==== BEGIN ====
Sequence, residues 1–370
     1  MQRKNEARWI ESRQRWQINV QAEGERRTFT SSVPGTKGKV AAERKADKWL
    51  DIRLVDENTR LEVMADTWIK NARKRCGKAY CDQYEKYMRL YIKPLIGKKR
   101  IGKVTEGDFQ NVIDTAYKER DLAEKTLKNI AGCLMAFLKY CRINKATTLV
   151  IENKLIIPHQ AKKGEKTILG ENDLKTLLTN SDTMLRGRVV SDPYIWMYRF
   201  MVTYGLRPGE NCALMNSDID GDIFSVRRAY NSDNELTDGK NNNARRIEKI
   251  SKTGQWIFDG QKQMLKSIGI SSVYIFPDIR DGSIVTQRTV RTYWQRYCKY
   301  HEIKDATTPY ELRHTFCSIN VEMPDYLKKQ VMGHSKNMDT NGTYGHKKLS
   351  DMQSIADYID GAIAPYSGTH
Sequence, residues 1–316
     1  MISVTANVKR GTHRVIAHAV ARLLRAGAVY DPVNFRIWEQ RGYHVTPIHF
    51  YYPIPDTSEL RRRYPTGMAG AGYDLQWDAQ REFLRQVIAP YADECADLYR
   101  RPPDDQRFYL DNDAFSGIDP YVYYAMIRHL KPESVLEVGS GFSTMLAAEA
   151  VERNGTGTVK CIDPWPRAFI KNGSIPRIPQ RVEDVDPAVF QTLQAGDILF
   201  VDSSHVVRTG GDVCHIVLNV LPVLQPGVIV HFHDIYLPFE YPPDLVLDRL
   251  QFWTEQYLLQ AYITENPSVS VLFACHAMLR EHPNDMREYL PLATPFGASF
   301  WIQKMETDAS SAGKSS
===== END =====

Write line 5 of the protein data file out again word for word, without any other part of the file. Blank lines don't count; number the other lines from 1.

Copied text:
   151  IENKLIIPHQ AKKGEKTILG ENDLKTLLTN SDTMLRGRVV SDPYIWMYRF